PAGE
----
|Publication number||US4407233 A|
|Application number||US 06/336,418|
|Publication date||Oct 4, 1983|
|Filing date||Dec 31, 1981|
|Priority date||Dec 31, 1981|
|Publication number||06336418, 336418, US 4407233 A, US 4407233A, US-A-4407233, US4407233 A, US4407233A|
|Original Assignee||Eleanor Bozzacco|
|Export Citation||BiBTeX, EndNote, RefMan|
|Patent Citations (15), Referenced by (46), Classifications (5), Legal Events (8)|
|External Links: USPTO, USPTO Assignment, Espacenet|
This invention relates in general to protective devices for animals, and more particularly to such devices as are constructed to be visible at night or in the dark.
It is well-known in the prior art to place collars on animals which have reflective strips or plates which have the ability to reflect light. Such collars are particularly useful at night to permit ease of location of the animal. A particular disadvantage of such a device is that the hair or fur of the animal tends to obscure the reflective strips or plates and to thereby substantially reduce the collar's total reflectivity.
It is therefore a principal object of the present invention to provide a collar or other safety device for pets, having elements or appendages which are highly light-reflective or visible in the dark, and which are so constructed as not to be covered or obscured by the animal's hair.
This object is realized in accordance with the present invention in an animal collar or other device, provided with flexible or extendible relfective elements, strips or body portions, which extend or depend from the body of the collar or other safety device in a direction transverse to the principal length direction of the device. Such flexible reflective elements can be light reflective in their own right, such as those composed of aluminum or other metal foils, or alternatively, the reflective elements can be coated with a reflective paint, such as white or aluminum paint, or a coating which tends to be highly reflective or fluorescent or phosphorescent. It is essential to the invention that the length of the reflective elements be sufficient to extend onto or over the outer surface of the hair or fur of the animal. As an illustration, rectangular plastic strips of approximately one and one-half inches in length, and three-eighths of an inch in width, are suitable for such a protective device for the average cat. The flexibility of such reflective strips, which enables them to ride on the surface of the fur is of utmost importance. Rigid strips or strips of relatively heavy material have been found to have a tendency to sink into, or be covered by the fur of the animal. It has been found, in accordance with the present invention, that the thinner the reflective strips, the more flexible they tend to be. In applications of the invention, the number of strips attached to the collar or other device varies, depending on the degree of reflection desired. The shape of the reflective strips is not critical and can be rectangular, oval, circular, triangular or any similar configuration. Furthermore, the method of affixing the flexible strips to the collar or other device is not critical to the invention. For example, a typical leather collar can have the flexible strips fastened by rivets, adhesive or binding threads, snaps, or the like. Alternately, a collar or safety device in accordance with the present invention can be molded from any type of material, such as a plastic which is highly light-reflective, and has transversely depending or extended portions which are highly flexible.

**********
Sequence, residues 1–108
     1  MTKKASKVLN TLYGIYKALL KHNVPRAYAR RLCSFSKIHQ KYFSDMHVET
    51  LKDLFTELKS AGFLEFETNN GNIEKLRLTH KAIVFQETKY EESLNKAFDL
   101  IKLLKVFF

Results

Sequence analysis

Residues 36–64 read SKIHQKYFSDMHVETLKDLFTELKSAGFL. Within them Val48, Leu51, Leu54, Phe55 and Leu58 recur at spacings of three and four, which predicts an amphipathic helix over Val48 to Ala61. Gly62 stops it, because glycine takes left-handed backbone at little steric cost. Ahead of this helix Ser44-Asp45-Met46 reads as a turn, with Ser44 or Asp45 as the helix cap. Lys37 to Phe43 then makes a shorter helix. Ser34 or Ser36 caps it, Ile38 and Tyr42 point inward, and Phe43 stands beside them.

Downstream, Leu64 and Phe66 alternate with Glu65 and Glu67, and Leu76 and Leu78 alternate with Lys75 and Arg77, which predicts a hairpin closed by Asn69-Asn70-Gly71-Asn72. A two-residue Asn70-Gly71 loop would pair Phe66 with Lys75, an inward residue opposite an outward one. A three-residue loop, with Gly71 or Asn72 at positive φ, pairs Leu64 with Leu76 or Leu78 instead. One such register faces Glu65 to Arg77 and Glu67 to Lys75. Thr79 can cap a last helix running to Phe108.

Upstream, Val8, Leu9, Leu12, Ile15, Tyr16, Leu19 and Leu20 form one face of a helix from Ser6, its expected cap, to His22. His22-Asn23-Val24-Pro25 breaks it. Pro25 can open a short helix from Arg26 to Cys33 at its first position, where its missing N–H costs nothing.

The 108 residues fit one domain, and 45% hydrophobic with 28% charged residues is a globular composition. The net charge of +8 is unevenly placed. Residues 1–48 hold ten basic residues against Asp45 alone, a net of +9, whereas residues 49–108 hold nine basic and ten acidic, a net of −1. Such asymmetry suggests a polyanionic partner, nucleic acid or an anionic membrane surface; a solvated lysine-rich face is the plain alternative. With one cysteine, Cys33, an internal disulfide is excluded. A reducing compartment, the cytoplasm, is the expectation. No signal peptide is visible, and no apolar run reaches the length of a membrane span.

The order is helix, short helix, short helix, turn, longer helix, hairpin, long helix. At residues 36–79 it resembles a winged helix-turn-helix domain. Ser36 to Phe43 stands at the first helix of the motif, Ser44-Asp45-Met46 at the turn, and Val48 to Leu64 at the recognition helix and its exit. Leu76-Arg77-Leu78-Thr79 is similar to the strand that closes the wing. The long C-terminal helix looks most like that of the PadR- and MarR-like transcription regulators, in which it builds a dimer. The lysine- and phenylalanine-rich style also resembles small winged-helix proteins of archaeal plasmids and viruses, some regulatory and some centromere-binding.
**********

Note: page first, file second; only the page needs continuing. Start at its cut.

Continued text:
Further, it is contemplated in accordance with the present invention, that flexible strips of highly light-reflecting material having pressure-sensitive or contact type adhesive, or snaps, on one end only, can be packaged to be sold separately. Such strips are adapted to be secured to an exisiting collar by the purchaser.
The collar or safety device of the present invention is advantageous in that it provides additional protection and visibility without excess weight to encumber or annoy the animal. The collar of this invention facilitates location and safety of the animal particularly at night, by reflecting the headlights of automobiles, flashlights and other similar light sources.
These and other objects, features, and advantages can be better understood from a detailed study of the specification with reference to the attached drawings.
FIG. 1 shows a cat, wearing a collar in accordance with the present invention.
FIG. 2 shows, in side elevation, a safety collar in accordance with the present invention in which the basic collar core, which may be a conventional collar of leather or the like, is threaded through a sleeve formed of light reflecting material, which has depending along its length a plurality of projections.
FIG. 3 is a showing, in side elevation, of a safety collar in accordance with the present invention comprising a core member of leather or the like, having a series of loops depending along its length, which may be sewed or otherwise fastened together near the top to provide a series of shallow loops at the upper end for threading the collar through.
FIG. 4 shows, in side elevation, another form of collar in accordance with the present invention comprising a series of thin flexible strips of light-reflecting material fastened at their upper ends to the core collar, and extended in transverse criss-cross relation along its length.
FIG. 5 shows another embodiment of the present invention in which a series of depending elongated strips of flexible, light-reflecting material are sewed or otherwise fastened along the length of the core collar.